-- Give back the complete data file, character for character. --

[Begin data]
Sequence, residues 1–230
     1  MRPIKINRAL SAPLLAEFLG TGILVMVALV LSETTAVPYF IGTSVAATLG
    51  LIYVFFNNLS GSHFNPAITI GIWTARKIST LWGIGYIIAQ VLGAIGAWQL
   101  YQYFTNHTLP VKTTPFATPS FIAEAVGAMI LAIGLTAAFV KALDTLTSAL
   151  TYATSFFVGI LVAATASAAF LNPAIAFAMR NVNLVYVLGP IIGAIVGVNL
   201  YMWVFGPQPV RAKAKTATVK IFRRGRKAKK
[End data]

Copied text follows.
Sequence, residues 1–230
     1  MRPIKINRAL SAPLLAEFLG TGILVMVALV LSETTAVPYF IGTSVAATLG
    51  LIYVFFNNLS GSHFNPAITI GIWTARKIST LWGIGYIIAQ VLGAIGAWQL
   101  YQYFTNHTLP VKTTPFATPS FIAEAVGAMI LAIGLTAAFV KALDTLTSAL
   151  TYATSFFVGI LVAATASAAF LNPAIAFAMR NVNLVYVLGP IIGAIVGVNL
   201  YMWVFGPQPV RAKAKTATVK IFRRGRKAKK